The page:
Prohibition sounded simple once before

Billy Sunday

What is right and what is wrong seems so simple. But there are a handful of fiery and divisive issues that have caused battles for ages. There’s no end in sight. Beer, and more broadly–alcohol, certainly makes the list. We could take time to talk about the drinking age. We could talk limits on alcohol content. Rather, a USA Today article that appeared yesterday provides a modern day look at a microcosmic use of prohibition as the solution to a problem. Take a moment to read Battle over beer brews on border.

If it were as easy as shutting down the Jumping Eagle Inn, I’m sure that we’d have gone ahead and solved not only the issue of alcoholism on the Reservation, but also a number of other problems around this country and the world. I say that as a beer enthusiast, so what weight does my argument carry? Of course I want beer to be available.

But as a responsible human being, I’d rather skip the whole suffering of people scene. I’ve watched the ugliness that is alcoholism. The parent of a good friend. The gutter life of a veteran living on the streets. First hand, I saw the Reservation.

Alcohol isn’t the only problem out there. And banning it on, or around, doesn’t make the issue go away. I spent two years living on the Navajo Reservation, in Northern Arizona, where, like Pine Ridge, alcohol is banned. I did not live near the border, nor have a White Clay counterpart in my view. I lived in Pinon, near the Rez’s geographic center. It was a two and a half hour drive over rutted dirt roads to stock up on groceries in Flagstaff.

Did we see alcohol problems out there, so far from a White Clay? Yes. And pot and gangs and suicide and teen pregnancy and low reading levels and apathy. Was it a depressing place to live? Absolutely not. The people were wonderful. Many were concerned about important issues like this one.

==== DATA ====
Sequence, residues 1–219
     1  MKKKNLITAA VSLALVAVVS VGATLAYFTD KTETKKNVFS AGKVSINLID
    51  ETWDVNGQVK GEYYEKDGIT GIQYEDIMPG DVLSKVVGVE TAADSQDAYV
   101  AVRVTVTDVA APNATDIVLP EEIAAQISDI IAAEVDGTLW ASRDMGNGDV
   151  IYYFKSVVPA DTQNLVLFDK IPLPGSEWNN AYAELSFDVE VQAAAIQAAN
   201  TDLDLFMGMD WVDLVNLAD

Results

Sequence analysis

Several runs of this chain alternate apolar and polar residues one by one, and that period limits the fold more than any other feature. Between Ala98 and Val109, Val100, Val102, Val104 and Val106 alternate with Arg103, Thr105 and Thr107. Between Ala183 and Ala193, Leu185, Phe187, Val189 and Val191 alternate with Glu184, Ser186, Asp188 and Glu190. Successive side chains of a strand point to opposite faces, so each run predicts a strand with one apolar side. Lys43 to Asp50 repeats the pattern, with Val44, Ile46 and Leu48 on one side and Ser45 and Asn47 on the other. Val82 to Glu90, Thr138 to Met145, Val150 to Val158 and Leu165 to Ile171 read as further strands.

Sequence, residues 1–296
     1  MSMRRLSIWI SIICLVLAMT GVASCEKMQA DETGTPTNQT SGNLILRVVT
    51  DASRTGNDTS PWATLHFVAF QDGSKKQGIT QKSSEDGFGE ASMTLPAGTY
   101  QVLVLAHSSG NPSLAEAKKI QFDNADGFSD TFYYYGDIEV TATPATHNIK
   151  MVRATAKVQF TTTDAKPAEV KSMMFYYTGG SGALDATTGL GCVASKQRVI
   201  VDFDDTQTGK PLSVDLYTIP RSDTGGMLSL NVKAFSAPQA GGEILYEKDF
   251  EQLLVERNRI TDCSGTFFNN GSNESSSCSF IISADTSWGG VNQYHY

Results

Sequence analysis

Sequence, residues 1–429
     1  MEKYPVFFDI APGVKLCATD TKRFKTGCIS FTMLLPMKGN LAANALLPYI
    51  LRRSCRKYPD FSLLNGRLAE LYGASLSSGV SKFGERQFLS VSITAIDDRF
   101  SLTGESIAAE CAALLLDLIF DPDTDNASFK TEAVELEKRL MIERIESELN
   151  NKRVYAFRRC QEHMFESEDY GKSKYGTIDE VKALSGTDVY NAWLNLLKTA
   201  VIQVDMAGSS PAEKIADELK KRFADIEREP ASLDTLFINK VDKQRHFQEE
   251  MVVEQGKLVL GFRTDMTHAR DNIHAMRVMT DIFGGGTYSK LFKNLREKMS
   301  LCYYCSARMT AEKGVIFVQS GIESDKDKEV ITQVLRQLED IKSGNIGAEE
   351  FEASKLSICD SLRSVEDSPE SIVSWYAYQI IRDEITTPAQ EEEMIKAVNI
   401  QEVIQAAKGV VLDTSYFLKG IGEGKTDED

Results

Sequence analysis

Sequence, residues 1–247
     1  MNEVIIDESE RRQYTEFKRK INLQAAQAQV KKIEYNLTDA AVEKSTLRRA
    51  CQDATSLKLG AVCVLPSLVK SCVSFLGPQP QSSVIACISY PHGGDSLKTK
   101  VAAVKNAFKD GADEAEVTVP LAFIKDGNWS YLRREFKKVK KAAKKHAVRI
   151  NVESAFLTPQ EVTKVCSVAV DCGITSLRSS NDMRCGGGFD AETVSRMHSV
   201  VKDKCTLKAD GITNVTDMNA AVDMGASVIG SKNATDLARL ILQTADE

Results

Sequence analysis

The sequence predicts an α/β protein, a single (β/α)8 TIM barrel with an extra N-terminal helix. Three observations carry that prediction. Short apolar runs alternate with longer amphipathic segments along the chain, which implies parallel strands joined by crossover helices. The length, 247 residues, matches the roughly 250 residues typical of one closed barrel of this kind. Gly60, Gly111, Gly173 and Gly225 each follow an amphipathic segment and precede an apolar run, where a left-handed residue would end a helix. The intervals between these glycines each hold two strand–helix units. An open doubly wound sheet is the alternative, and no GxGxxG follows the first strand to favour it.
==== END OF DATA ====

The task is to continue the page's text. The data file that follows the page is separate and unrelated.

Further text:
From what I witnessed, here is what would happen if beer stores are closed down in White Clay: the problem marches on. As the article noted, people would simply move to other locations to buy beer. Problem not solved. More concerning to me is what I witnessed everyday that I lived on the Rez. There, I found roles to be oddly reversed from my own youth. When I grew up, we teens would beg older dudes to buy us a case of cheap beer. On the Rez, I saw old, alcohol-burned men beg teen-aged girls to buy for them. Buy what, you ask? Hair spray. Or vanilla or mouthwash. They were all behind lock and key.

Hairspray mixed with water, 7Up or straight is called Ocean, a helluva lot more damaging to a body than beer or wine or vodka. There was a hill not far from the grocery store called Mount Ocean. It was littered with hairspray cans beyond belief. That was a far sadder sight, in my opinion. And that is what we can expect if simply shutting down a few beer stores is the sole approach to solving the problem.

Unfortunately, it’s not just on the Reservations where people think this way today. There are many dry counties in several states. And there is Cary, North Carolina. Sean Wilson, from Pop the Cap, posted this not long ago. I happen to know Sean. While he spearheaded the North Carolina bid to nix the abv limit, he is also a very responsible, concerned citizen, on more than one level. Beer opponents seem to overlook the layers and depth to both people and policies. Brace yourself, then take a few minutes to surf this narrow-minded view.

That is scary.

Avoiding rash, unrealistic and irresponsible attempts at dealing with the problem of alcoholism might be found here

Alcohol issues aren’t confined to the Reservations. There is a far broader mindset that needs to be dealt with in this country. Just saying no isn’t good enough. Education is key. Starting kids off with a positive and appropriate introduction to alcohol’s role is terribly important. Unfortunately, we’ve got a few adults to educate first. And I don’t mean the ones sleeping in the gutter tonight.


One Response to Prohibition sounded simple once before

  1. […] I babbled about Prohibition a couple of years ago here. […]

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